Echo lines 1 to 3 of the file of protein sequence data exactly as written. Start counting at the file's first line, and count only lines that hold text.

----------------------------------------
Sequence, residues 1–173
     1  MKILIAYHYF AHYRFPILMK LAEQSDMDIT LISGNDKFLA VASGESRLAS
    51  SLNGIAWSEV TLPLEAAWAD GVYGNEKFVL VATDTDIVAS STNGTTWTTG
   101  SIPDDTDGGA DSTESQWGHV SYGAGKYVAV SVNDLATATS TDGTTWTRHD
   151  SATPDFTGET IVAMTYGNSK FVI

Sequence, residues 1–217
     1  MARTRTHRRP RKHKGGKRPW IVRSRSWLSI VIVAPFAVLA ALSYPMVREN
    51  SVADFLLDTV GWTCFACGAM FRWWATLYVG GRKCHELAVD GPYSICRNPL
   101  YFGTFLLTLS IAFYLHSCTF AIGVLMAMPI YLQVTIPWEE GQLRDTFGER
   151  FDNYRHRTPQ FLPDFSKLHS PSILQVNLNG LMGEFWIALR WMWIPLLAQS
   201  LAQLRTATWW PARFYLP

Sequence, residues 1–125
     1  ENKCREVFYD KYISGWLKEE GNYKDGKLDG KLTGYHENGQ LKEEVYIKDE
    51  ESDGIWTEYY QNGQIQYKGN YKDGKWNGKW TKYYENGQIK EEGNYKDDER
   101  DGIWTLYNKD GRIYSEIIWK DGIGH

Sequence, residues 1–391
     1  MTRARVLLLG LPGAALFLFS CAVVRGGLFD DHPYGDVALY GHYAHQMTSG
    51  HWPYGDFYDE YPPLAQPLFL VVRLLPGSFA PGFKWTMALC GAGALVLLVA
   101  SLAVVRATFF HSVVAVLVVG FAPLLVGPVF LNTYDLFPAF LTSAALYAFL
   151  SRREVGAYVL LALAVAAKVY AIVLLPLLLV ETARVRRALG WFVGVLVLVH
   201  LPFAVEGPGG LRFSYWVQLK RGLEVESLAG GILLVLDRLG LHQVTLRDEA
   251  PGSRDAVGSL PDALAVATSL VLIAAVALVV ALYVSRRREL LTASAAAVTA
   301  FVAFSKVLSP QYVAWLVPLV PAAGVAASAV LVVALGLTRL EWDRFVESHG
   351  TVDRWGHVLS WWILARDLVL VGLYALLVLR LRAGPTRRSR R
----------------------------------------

Sequence, residues 1–173
     1  MKILIAYHYF AHYRFPILMK LAEQSDMDIT LISGNDKFLA VASGESRLAS
    51  SLNGIAWSEV TLPLEAAWAD GVYGNEKFVL VATDTDIVAS STNGTTWTTG